OK, by now you’re probably getting tired or bored with NASIG, so for my last post I’ll try to give you the short version.
First, evidence that Chris and Steve really were there …
Saturday’s opening session was by Dr. Carol Tenopir of the Univ. of Tennessee School of Information Sciences, who discussed her research on calculating return on investment for library expenditures with respect to research/grant funding.Her research is based on surveys of university faculty, asking, for example, how important citations are to obtaining funding, and what percentage of their citations do they find via online library resources.It was an interesting methodology.
Next I went to a session where three librarians talked about their respective experiences with implementing various Pay-Per-View (PPV) products.This was a very interesting and helpful session.The only products that received favorable reviews from the panelists were Science Direct (at Trinity) and EBL (at U.Texas).Common problems with PPV products included the inability to block PPV access to content subscribed to elsewhere, cumbersome user registration, and a “shopping cart” interface that tended to scare away users.I was glad to hear the U.Texas librarian describe their EBL pilot launch as “extraordinarily successful.”
My final Saturday session was a panel discussion with 3 librarians and 2 publisher reps about the process of license negotiation-top concerns/risks, difficult points to negotiate, whether the licensing process is improving (all agreed it is not), and whether licenses are doing what they were intended to do.There was discussion about how to improve some of the inefficiencies in the process (including a new standard, ONIX-PL), and whether it might be feasible to abandon license agreements and rely instead on copyright law.Another very good discussion, and I’m glad I had the background of the preconference to give me some context.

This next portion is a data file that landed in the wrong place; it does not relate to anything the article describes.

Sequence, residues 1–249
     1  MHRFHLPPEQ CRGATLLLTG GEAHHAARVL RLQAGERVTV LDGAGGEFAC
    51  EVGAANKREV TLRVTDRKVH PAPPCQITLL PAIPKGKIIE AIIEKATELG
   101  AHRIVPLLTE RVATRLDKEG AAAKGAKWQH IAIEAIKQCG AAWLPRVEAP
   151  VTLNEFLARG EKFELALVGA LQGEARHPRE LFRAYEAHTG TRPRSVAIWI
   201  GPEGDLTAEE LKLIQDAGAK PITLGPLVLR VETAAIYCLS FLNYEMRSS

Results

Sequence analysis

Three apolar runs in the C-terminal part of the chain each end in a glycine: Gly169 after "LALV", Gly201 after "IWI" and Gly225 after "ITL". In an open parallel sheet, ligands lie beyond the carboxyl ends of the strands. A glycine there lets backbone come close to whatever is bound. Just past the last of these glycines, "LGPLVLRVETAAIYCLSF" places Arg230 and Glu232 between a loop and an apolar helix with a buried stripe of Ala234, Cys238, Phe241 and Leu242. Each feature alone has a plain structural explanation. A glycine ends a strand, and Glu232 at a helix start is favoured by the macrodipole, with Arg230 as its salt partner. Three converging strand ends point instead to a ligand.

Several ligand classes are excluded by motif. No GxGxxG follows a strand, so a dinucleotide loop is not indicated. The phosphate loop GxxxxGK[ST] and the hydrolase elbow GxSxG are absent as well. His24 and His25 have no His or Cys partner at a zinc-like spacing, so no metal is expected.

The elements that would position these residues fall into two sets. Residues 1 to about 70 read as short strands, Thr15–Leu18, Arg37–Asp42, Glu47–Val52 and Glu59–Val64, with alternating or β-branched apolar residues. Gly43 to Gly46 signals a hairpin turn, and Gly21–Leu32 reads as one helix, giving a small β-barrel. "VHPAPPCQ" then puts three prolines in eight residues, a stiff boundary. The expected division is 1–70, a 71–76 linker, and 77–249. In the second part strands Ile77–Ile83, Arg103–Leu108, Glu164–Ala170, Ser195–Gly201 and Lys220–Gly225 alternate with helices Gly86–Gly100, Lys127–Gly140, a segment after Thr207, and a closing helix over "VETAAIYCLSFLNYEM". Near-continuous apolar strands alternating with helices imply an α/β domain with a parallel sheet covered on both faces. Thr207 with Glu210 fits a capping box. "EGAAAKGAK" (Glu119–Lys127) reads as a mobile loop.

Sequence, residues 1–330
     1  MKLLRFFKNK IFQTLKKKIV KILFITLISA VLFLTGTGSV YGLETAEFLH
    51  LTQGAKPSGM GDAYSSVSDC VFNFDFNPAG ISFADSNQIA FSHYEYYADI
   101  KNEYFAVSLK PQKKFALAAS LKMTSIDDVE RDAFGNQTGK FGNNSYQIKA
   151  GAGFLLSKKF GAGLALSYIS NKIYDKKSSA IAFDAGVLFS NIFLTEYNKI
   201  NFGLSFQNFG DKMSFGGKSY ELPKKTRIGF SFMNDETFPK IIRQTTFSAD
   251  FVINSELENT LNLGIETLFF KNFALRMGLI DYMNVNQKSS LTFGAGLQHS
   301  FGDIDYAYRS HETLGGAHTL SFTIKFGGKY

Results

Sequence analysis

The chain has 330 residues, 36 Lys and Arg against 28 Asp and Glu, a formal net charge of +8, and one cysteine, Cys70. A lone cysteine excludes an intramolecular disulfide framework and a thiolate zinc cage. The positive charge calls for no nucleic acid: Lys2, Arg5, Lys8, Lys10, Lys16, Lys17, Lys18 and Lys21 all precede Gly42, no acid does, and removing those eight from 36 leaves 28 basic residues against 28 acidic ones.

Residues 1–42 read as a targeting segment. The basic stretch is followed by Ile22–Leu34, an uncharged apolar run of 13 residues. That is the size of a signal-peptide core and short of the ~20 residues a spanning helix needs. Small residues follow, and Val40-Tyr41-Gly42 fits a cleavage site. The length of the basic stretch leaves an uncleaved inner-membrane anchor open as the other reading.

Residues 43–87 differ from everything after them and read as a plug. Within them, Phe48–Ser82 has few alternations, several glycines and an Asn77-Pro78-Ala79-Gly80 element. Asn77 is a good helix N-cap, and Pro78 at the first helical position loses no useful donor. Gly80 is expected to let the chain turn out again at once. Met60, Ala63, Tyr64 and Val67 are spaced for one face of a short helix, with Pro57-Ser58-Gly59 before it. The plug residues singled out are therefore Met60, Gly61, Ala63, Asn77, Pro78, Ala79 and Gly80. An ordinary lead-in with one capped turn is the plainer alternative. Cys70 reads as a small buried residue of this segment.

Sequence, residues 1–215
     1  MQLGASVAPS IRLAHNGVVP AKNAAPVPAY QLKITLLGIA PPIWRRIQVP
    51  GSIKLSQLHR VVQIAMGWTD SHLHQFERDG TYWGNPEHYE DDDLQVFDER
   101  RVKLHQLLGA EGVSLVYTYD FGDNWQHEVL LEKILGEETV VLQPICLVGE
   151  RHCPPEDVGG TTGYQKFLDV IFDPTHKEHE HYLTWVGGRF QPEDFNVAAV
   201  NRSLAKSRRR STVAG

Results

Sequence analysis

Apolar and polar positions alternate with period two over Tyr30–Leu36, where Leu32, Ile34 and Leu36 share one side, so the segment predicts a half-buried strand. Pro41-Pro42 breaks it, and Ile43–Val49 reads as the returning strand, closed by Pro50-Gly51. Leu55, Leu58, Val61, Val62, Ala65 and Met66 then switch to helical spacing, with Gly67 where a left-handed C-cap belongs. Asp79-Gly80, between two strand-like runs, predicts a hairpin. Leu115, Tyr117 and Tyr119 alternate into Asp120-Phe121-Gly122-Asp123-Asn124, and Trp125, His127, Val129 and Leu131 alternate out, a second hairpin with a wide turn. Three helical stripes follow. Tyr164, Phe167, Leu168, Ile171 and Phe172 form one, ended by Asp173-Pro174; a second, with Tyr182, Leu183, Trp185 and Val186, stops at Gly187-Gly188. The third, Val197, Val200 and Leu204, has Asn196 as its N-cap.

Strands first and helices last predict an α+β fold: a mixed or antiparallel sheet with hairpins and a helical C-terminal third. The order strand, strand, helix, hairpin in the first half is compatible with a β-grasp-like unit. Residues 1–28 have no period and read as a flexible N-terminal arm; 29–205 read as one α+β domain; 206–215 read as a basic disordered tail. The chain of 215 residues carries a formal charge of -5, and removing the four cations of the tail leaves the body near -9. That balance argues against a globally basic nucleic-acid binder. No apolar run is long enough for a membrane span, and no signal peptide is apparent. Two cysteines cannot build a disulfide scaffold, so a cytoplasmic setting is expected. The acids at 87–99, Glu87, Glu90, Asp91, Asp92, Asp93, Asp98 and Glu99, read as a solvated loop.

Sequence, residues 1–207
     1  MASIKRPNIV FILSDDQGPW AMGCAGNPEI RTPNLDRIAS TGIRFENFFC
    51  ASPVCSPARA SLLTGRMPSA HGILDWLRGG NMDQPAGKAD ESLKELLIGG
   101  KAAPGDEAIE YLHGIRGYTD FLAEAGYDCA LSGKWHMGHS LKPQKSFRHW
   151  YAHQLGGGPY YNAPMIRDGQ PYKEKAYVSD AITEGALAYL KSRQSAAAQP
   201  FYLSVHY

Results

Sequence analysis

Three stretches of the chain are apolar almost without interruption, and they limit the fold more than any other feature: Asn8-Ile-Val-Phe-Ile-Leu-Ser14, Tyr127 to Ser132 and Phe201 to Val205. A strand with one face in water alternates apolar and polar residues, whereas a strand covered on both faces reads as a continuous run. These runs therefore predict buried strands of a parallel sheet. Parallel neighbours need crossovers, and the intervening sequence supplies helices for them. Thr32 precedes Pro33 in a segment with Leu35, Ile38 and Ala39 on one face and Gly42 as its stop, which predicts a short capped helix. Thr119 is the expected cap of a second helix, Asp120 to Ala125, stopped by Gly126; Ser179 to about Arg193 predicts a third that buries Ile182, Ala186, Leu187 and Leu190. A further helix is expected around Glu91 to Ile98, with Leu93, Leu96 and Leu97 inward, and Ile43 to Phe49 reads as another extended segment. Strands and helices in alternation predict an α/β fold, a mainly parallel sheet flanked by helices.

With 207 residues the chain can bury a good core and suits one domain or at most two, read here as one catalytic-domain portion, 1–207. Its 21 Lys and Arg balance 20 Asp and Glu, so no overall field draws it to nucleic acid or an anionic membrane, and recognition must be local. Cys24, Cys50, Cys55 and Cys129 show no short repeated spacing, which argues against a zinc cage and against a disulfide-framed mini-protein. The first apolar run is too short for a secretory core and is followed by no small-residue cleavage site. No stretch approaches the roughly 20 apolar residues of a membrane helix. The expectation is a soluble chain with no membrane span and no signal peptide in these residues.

The first two Sunday sessions were kind of disappointing; I won’t bore you with the details.The final plenary session was about identifying trustworthy content online.Geoffrey Bilder of CrossRef talked about how we judge credibility of print resources (title page, publisher blurb, cover art, trust of the library, etc.); think about how you can tell at a glance whether an article is from a popular magazine or a scholarly journal.He then pointed out that the relatively quick evaluation we can do with print resources doesn’t work well in the online world.He batted around some ideas for making it easier to judge the credibility of online resources, including CrossMark, which is being developed by CrossRef.Another one is Hon Code which, if I understood correctly, is a registry of websites, with a Firefox plugin that displays an icon when a user visits a registered site.
Overall an excellent conference.I’m afraid I’ve come away with more ideas than I know what to do with at this point.But that’s good, right?